The season proved successful for the Welsh team, despite being heavily tipped by many pundits to be relegated. They returned in reasonable style finishing in 11th position, only one goal away to being in 10th position. Their season saw surprise wins over Arsenal, Manchester City, and Liverpool. The team also despite being newly promoted, scored the fastest goal of the 2011–12 season, when Andrea Orlandi scored within 24 seconds against Wolverhampton Wanderers in a 4–4 draw at the Liberty Stadium, a match that also confirmed Swansea's place in the 2012–13 Premier League season. In the 2012–13 season, Swansea qualified for the 2013–14 UEFA Europa League by winning the 2012–13 Football League Cup and finishing ninth in the Premier League. They would spend a further five seasons in the Premier League before being relegated on the final day during the 2017–18 season after a 2–1 loss to also relegated Stoke City. [51]

In 2015, AFC Bournemouth earned promotion to the Premier League by winning the 2014–15 Football League Championship under the stewardship of young English manager Eddie Howe. The promotion formed part of an incredible rise up the Football League with the club having been close to liquidation only ten years prior when they were in League Two, and as recently as 2008 had gone into administration and nearly lost their Football League status. [52] [53] The club have since surprised many by consolidating themselves in the Premier League, finishing 16th in their first season in the top flight and then an impressive 9th in their second season, in spite of having limited spending power in relation to modern day Premier League figures. Key to Bournemouth's success was keeping a core of home-grown players together that had risen through the leagues with the club, Harry Arter and Marc Pugh establishing themselves at the highest level, having been lower league players beforehand. They stayed in the Premier League for five seasons before getting relegated in 2019–20 on the final day of the season.

In 2017, Brighton & Hove Albion earned promotion to the Premier League for the first time in their history after finishing second in the 2016–17 EFL Championship, having missed out on top spot to Newcastle United on the final day of the season after failing to win any of their final three games. Their first Premier League season went well and they secured their Premier League status after a 1–0 victory against Manchester United on 4 May 2018, finishing in 15th place. [54] They have since maintained their Premier League status for a further three seasons finishing in 17th, 15th and 16th in the 2018–19, 2019–20 and 2020-21 seasons respectively.

Also in 2017, Huddersfield Town also earned promotion to the Premier League for the first time in their history by winning the 2017 Championship play-off final, having finished in 19th place in the Championship the season prior and having only had a £12 million playing budget in their possession, a significantly lower figure in comparison to other clubs such as Aston Villa, who were backed by the wealthy Recon Group and were in receipt of parachute payments. Many had tipped Huddersfield to struggle in the Championship in a similar manner to previous seasons, however the club made an unexpected appointment in former Borussia Dortmund II manager David Wagner, who employed a high-tempo pressing style of play and made shrewd acquisitions in the transfer market, mainly utilising loan deals from larger clubs and with Christopher Schindler being the club's record transfer at £1.2 million. [55] They finished 16th in the 2017–18 season, after drawing with Manchester City and Chelsea. However, Huddersfield was relegated in the following season, suffering relegation in the month of March; becoming only the second team in Premier League history to achieve this feat. Manager David Wagner left Huddersfield by mutual consent in January with the club rooted to the bottom of the table having only earned 11 points throughout the season, and his replacement Jan Siewert could not mastermind an unlikely survival, losing eight of his first nine games in charge; a solitary victory against Wolverhampton Wanderers, plus a later draw vs. Manchester United and Southampton, left Huddersfield finishing on 16 points and 20 points adrift of safety. [56]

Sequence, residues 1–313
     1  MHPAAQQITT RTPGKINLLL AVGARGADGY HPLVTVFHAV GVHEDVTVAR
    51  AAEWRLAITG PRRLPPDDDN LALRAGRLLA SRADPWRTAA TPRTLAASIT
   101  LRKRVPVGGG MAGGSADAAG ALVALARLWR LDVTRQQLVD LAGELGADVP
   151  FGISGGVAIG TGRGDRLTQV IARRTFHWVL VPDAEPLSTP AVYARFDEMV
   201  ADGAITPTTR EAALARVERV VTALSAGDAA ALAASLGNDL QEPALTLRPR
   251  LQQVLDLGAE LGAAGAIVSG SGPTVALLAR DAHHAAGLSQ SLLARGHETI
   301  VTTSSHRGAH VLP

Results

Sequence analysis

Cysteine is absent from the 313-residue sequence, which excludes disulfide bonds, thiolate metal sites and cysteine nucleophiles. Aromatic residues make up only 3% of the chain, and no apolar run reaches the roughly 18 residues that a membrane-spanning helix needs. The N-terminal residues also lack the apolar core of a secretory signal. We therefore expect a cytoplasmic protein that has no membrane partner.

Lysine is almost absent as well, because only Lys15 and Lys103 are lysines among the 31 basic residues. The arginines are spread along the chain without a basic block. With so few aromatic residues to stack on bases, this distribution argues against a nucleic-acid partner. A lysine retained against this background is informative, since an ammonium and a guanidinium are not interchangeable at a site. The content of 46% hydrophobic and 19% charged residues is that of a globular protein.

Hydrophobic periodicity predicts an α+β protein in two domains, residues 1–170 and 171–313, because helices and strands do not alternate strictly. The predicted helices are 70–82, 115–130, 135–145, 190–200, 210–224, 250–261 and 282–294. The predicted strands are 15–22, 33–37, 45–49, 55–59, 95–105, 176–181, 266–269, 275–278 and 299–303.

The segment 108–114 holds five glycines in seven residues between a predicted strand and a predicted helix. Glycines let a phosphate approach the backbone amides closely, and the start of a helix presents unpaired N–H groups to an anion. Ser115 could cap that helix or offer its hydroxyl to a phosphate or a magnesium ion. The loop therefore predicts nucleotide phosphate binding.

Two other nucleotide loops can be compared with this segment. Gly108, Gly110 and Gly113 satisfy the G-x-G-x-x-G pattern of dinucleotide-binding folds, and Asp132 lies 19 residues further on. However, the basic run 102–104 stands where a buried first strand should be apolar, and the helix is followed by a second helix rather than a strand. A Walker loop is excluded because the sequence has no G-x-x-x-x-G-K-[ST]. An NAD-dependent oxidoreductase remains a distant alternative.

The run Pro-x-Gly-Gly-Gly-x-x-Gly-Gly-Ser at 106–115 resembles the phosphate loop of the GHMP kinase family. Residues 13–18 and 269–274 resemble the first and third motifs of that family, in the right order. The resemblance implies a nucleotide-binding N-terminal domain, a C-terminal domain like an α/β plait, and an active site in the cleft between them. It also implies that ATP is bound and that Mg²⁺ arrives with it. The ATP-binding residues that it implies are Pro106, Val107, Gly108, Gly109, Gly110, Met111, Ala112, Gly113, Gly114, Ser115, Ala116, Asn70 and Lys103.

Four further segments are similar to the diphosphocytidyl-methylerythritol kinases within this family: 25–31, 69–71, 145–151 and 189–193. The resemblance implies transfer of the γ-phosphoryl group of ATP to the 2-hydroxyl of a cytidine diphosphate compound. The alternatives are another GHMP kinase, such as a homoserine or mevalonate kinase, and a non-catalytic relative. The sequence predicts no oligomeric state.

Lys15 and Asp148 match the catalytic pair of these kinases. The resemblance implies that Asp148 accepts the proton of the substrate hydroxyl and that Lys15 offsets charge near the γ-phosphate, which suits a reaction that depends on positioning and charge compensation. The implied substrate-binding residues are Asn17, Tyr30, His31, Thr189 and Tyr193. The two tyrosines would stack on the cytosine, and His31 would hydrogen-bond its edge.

In 2018, Wolverhampton Wanderers was promoted to the Premier League only five years after enduring a "double drop", being relegated from the 2011–12 Premier League and 2012–13 Football League Championship. In the 2018–19 Premier League season, Wolves finished seventh and earned 57 points, the most by a promoted team since Ipswich Town's 66-point finish in 2000–01. They also qualified for the 2019–20 UEFA Europa League through league position. [57] [58]

In 2019, Sheffield United, who returned to the Premier League after 12 years, finished ninth in the 2019–20 season with 54 points, only missing out on European football by five points. They were the second promoted team in as many seasons to finish with at least 50 points and did not lose a single away game until December when they lost 2–0 at Manchester City.


Leeds United returned to the top flight for the first time in sixteen years for the 2020-21 season. Their first season back was successful as they finished ninth with 59 points, the highest point total for a promoted team since 2000-01, and became the third promoted team in as many seasons to finish with at least 50 points. They only missed out on European football by three points. They are also the only team unbeaten against the eventual champion Manchester City in the season.

Second season syndrome